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Why is it you can take every precaution, be as clean as possible (downright antiseptic) use the best sealants known to mankind, make a bead that looks like a straw laying there and your intake still leaks around the china walls? Or is it due to using synthetic oil and it's ability to seep better than regular oil? I just give up, I'm not talking oil running everywhere not even enough to check the level, just discolored on the head edges and down the front of the block a few centimeters.

I think it's impossible even from the factory. :mad:
 

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Synthetic oil is like termites it will find any place to leak if it can. Not that termites leak but they can find the smallest minute spots to get in your house. I've used the bead method on the front and rear of the manifold before. But I currently use a thin cork gasket with silicone. No leaks or oil residue in the front or back of the block.:D Now since I said that it's going leak. :eek:
 

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I know how ya feel..... first 350 I built for the nova.. I completely assembled on the stand.... made absolutely sure I took diligent care in sealing the ends as I did not want the dreaded rear oil leak that plagues so many..... sure enough... I had the same leak....

after removing the intake once more and cleaning everything with brake parts cleaner once more.....it sealed till I cracked a piston.... then the 385 was built.. now i broke a rocker.. so now I installed a set of crower stainless rockers.....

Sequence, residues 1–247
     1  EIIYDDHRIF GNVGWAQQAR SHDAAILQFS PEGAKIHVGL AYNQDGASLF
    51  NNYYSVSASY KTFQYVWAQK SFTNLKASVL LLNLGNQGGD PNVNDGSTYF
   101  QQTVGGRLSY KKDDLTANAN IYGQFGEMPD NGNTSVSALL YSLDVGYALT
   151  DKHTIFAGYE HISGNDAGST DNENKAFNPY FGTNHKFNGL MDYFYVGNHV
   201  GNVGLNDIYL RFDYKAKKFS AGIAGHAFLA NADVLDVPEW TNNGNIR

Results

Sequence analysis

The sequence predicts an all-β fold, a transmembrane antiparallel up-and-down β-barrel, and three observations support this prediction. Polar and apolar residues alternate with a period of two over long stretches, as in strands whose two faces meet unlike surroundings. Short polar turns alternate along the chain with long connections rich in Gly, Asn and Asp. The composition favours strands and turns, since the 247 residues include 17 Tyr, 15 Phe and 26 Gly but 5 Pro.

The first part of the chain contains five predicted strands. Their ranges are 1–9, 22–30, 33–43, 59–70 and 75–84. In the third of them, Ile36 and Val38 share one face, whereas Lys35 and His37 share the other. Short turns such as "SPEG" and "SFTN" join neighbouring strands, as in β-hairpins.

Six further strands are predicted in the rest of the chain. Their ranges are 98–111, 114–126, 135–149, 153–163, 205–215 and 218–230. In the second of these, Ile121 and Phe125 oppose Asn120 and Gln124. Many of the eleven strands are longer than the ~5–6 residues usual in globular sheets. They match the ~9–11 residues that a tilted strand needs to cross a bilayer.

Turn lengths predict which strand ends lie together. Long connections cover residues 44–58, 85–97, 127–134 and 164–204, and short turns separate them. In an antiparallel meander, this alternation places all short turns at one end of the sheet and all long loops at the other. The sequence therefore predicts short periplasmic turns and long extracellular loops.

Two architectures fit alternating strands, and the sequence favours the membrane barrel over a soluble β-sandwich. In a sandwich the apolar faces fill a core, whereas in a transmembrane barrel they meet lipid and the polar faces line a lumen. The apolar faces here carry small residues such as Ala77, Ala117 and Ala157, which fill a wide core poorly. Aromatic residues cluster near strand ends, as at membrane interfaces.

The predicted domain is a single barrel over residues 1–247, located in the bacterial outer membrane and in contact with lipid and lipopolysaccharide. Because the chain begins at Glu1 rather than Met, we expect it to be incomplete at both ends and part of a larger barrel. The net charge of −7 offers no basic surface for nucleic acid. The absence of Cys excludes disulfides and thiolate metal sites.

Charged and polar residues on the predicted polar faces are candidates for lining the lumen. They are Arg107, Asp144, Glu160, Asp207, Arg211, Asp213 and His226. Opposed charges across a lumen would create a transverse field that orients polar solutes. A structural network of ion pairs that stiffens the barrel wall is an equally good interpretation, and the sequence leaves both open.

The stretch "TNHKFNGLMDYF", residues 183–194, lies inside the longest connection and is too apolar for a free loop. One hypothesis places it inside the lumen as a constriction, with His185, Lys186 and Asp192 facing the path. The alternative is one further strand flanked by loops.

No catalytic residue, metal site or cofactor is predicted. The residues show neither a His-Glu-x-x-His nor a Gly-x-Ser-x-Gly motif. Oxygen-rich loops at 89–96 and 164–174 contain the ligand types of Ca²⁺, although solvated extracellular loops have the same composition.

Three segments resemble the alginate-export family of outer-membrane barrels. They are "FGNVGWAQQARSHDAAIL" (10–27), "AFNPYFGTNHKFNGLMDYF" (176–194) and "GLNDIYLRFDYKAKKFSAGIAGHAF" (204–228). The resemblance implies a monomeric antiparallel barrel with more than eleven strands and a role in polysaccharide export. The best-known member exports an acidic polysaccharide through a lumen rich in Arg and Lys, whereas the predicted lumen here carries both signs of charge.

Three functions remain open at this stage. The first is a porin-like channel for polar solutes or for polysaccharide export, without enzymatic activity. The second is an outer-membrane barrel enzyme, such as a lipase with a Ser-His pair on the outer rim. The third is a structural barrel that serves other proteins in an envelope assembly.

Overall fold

never ending battle with high HP and ...............:devil: a heavy right foot!:D
 

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I have used "The right stuff" for valve covers and found it pretty good. I am going to try it on the intake when it gets back from the coaters. I also have had good luck with "Form a gasket" used lightly with cork. I have my fingers crossed.
 

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I agree that the rear china wall is tough to seal properly, but it can be done.
I guess it just takes practice and experience. I think the problems come from when the intake is set on the engine. The intake must go straight on with minimum of movement. Install all the bolts by hand but don't tighten. Check for gaps. The weight of the intake should cause the bead to stick to both the manifold and the block.
The bead must then partially cure before torque sequence to allow it have preload "springiness". If you just tighten it down right away, the bead squishes out.

I worked in the dyno department for awhile and had to R&R a lot of intakes. Once you get the process, it becomes second nature.
 
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